***By the Numbers: 85% of the hospital waste is non-hazardous, meaning free from patient contact and contamination, and mostly is disposed of by landfill or incineration currently. (Source: BCC Research.)***

Honor Award: In recognition for her leadership, technical contributions, and longtime dedication to the medical device packaging industry, Jan Gates was presented with the MDPTC Honor Award. Gates is the owner and founder of PackWise Consulting, and has over 30 years' experience in packaging engineering across a variety of sectors. 

Sponsored Student Attendees: The five sponsored students went through three separate rigorous selection processes to attend the conference, said Johnson & Johnson Vision's Rod Patch, one of the events' founders. Honorees were:

  • Kayla Chamberlain – UW Stout
  • Anna Kent – UW Stout
  • Sarah Webber – UW Stout
  • Dangkamol Wongthanaroj – MSU
  • Maggie Dailey – Clemson University

Screen Shot 2022 06 20 At 12 20 33 Pm


Day 3 concluded the show with hands-on workshops presented by PAXXUS to bring package design concepts to life. 

Usability with a Disability—attendees were asked to open packaging and complete a task while operating with simulated disabilities, including limited dexterity and vision.

Design for Success involved developing effective IFUs, where participants were tasked with writing instructions to a teammate to correctly disassemble a puzzle without verbal cues.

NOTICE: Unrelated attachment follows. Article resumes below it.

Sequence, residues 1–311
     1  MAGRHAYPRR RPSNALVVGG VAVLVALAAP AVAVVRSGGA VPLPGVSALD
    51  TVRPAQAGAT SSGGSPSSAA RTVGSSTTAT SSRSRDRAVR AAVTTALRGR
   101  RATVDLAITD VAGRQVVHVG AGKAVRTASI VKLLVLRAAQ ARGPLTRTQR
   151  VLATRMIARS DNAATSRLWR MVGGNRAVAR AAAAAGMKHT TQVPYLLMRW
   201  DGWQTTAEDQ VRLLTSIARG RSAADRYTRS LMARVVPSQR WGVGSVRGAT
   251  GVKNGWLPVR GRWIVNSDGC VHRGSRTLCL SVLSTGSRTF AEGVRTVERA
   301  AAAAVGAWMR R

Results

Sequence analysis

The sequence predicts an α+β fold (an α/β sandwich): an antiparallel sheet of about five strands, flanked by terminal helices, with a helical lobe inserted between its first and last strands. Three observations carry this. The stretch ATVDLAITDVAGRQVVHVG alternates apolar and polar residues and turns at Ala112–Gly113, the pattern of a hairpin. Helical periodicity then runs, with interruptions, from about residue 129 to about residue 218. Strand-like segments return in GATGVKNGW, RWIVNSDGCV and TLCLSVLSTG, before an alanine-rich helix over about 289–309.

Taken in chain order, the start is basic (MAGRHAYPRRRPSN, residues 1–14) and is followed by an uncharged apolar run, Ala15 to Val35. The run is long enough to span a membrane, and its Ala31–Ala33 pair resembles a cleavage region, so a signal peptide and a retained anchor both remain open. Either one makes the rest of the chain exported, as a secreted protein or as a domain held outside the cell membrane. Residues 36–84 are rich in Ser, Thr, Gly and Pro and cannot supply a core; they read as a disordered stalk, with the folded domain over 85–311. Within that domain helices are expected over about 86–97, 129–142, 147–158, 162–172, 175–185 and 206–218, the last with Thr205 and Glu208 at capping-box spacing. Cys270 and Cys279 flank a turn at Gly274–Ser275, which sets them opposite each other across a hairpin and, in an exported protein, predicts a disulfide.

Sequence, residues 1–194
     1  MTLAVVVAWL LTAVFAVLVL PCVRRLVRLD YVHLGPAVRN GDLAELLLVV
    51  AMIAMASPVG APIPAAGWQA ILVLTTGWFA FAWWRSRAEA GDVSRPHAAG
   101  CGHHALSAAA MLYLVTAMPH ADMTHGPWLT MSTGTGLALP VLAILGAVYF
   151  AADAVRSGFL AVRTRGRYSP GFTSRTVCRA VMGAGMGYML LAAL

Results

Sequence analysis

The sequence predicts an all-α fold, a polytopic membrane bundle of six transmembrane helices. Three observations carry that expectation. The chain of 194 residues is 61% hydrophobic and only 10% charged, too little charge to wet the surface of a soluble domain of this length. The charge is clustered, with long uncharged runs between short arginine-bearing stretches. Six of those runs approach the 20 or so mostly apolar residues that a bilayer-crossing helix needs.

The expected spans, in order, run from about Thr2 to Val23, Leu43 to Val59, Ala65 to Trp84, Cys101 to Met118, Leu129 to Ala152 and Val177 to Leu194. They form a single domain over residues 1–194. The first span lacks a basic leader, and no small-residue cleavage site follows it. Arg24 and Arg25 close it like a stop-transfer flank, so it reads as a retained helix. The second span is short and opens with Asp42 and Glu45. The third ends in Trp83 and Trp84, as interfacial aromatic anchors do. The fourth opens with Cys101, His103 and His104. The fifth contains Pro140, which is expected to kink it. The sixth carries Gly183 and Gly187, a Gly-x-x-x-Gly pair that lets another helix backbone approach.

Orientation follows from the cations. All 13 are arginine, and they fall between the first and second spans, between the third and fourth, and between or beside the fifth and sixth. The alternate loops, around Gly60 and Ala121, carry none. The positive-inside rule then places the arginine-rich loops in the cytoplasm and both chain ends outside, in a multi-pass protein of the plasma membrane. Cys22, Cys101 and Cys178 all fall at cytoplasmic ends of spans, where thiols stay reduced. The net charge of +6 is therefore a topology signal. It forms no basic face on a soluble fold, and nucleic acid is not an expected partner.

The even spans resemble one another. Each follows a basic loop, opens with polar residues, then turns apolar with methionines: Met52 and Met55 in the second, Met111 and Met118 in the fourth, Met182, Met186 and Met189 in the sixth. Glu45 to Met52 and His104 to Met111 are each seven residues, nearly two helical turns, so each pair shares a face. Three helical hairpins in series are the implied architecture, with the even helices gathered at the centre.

Sorting Out Sustainability—a bit contentious at times—asked attendees to determine which waste stream a given package or PPE item belonged in. It hammered home some disagreements and how much work the industry needs to do in developing infrastructure, standardizing, and labeling for consumers and nurses to know where to send medical waste.

Said Packaging Compliance Labs' Sarah Rosenblum, “The inaugural year of the[PACK]out truly went better than we could’ve ever imagined. Seeing the sterile packaging community back together; collaborating and innovating was inspiring and exciting. We wouldn’t have been able to pull off this event without the strong support from the industry. I think I speak for all the founders when I say, we have intense gratitude for all of those that believed in this event and supported it this first year.  We look forward to the future years of the[PACK]out.” 

See the show recap video here. the[PACK]out founders supported by their companies are as follows: Jill Cinalli, Kiley Djupstrom, Jenn Goff, Rod Patch, Cassie Ladd, Karen Polkinghorne, and Sarah Rosenblum.

the[PACK]out founders (from left): Cassie Ladd, Sarah Rosenblum, Karen Polkinghorne, Jill Cinalli, Rod Patch, Kiley Djupstrom, and Jenn Goff. (image courtesy: Cassie Ladd)the[PACK]out founders (from left): Cassie Ladd, Sarah Rosenblum, Karen Polkinghorne, Jill Cinalli, Rod Patch, Kiley Djupstrom, and Jenn Goff. (image courtesy: Cassie Ladd)